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Hastings' Dictionary of the Bible
CAIN . In Genesis 4:1 the name ( Qayin ) is derived from qÃ¢nÃ¢h , ‘procure.’ This, however, is linguistically impossible. It is probably to be connected with a root signifying to ‘forge’ in metal (cf. Genesis 4:22-24 ).
1 . ( a ) Genesis 4:1-16 (J [Note: Jahwist.] ). Cain and Abel are represented as the sons of Adam and Eve. But it is clear that the narrative was at one time independent of Adam and Eve; it presupposes a much later stage in human progress. The distinction between pastoral and agricultural life ( Genesis 4:2 ), and between cereal and animal offerings ( Genesis 4:3-4 ), the custom of blood-revenge ( Genesis 4:14 ), and the large increase in the number of human beings implied in Cain’s fear of being slain ( Genesis 4:14-15 ), in his possession of a wife ( Genesis 4:17 ), and in his erection of a city ( ib .), all show that a long period must be understood to have elapsed since the primitive condition of the first pair. The meaning of certain passages in the story is uncertain; Genesis 4:7; Genesis 4:13; Genesis 4:15 must be studied in the commentaries. When Cain was condemned to be a fugitive and a wanderer, he feared death in revenge for his murder of Abel; but Jahweh ‘appointed a sign’ for him. This is not explained, but the writer probably thought of it as something which rendered Cain sacrosanct, so that, according to a deeply rooted Semitic conception, it would be a defilement and a crime to touch him (see art. Holiness). And he went and dwelt ( Genesis 4:16 ) in the land of NÃ´d (‘Wanderland’). The fact that the story appears to describe conditions long subsequent to those of the first pair has led many writers to hold that Cain is the eponymous ancestor of a tribe, and that the tradition was intended to explain the wild and wandering life of Arabian nomads. This kind of life, so different from the prosperous peace of settled agricultural communities, must have been the result of a primitive curse, incurred by some crime. And the narrative relates that the settled, agricultural Cainite tribe ruthlessly destroyed members of an adjacent tribe of pastoral habits; that the fear of strict blood-revenge was so great that the Cainites were obliged to leave their country, and become wandering nomads; and that some tribal sign or badge such as a tattoo, or incisions in the flesh was adopted, which marked its possessors as being under the protection of their tribal god. It is further conjectured, owing to the formation of the two names from the same root, that ‘Cain’ stands for the Kenites (cf. Numbers 24:22 , Judges 4:11 with RVm [Note: Revised Version margin.] ). See Driver, Genesis , p. 72.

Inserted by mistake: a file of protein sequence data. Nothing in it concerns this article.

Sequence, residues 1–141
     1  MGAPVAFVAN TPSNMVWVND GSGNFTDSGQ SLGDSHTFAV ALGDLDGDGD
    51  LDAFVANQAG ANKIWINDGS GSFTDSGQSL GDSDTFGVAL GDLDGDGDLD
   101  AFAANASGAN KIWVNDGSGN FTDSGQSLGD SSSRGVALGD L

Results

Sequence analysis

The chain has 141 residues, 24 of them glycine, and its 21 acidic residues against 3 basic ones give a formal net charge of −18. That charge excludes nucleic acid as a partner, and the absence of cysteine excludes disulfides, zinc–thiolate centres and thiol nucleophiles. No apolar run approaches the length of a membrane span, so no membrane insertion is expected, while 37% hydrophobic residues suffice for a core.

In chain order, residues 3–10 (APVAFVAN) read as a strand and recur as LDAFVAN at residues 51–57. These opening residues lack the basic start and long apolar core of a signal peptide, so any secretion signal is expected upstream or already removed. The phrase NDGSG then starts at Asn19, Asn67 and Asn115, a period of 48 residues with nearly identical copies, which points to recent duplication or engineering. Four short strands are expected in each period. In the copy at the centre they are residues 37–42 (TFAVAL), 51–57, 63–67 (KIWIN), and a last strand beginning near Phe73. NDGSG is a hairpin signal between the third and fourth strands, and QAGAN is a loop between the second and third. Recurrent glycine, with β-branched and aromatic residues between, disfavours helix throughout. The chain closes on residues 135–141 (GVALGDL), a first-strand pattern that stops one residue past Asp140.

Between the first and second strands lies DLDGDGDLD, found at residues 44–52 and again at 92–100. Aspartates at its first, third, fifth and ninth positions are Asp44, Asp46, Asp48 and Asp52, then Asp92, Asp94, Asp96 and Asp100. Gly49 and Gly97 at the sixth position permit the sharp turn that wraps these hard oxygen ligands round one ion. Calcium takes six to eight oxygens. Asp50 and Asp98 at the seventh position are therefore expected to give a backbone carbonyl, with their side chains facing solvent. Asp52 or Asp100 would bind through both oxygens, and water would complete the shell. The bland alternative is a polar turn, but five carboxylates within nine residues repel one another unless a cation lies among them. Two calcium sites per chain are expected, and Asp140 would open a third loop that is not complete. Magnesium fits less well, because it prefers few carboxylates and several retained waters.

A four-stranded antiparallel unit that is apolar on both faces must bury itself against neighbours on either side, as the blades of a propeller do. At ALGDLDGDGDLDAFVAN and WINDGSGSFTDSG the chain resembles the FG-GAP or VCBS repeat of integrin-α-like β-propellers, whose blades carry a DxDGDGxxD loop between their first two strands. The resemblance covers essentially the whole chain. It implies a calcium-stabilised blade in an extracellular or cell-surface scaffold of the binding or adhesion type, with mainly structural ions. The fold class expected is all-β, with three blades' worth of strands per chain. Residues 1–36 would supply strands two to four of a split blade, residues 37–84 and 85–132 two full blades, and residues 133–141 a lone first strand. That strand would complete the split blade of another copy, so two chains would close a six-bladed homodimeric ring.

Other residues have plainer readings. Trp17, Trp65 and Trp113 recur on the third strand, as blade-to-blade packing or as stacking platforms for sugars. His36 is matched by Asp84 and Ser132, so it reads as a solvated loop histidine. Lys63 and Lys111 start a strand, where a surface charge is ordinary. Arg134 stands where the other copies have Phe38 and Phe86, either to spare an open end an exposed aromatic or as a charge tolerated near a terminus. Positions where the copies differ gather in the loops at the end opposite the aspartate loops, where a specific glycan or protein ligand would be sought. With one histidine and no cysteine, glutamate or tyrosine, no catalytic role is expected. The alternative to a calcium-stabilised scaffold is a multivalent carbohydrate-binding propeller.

( b ) Genesis 4:17-24 seem to contain a different tradition, but incorporated also by J [Note: Jahwist.] . Cain’s erection of a city scarcely seems to harmonize with his being a fugitive and a wanderer in fear of his life. The purpose of the tradition was to explain the origin of early arts and social conditions e.g. the beginnings of city-life ( Genesis 4:17 ), polygamy ( Genesis 4:19 ), nomad life ( Genesis 4:20 ), music ( Genesis 4:21 ), metallurgy ( Genesis 4:22 ).
2 . The value of the story lies, as always, mainly in its religious teaching. We know not of how much crude superstition and polytheism the tradition may have been divested by the prophetical writer who edited it. But in its present form, the connexion of Cain with Adam and Eve suggests the thought of the terrible effects of the Fall: the next generation reaches a deeper degree of guilt; Cain is more hardened than Adam, in that he feels no shame but boldly tries to conceal his guilt; and the punishment is worse Adam was to till the ground with labour, but Cain would not henceforth receive from the earth her strength. The story teaches also the sacredness of human life, the moral holiness of God, and the truth that a result of sin is a liability to succumb to further sin ( Genesis 4:7 b).
3 . In the NT Cain is referred to in Hebrews 11:4 , Judges 1:11 , 1 John 3:12 . The latter passage must be explained by 1 John 3:9-10 . The children of God qua children of God cannot sin; and conversely the children of the devil cannot do righteousness or love one another. Cain, then, murdered his brother because he belonged to the latter category, and his brother to the former.
A. H. M‘Neile.
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Hastings, James. Entry for 'Cain'. Hastings' Dictionary of the Bible. https://www.studylight.org/dictionaries/eng/hdb/c/cain.html. 1909.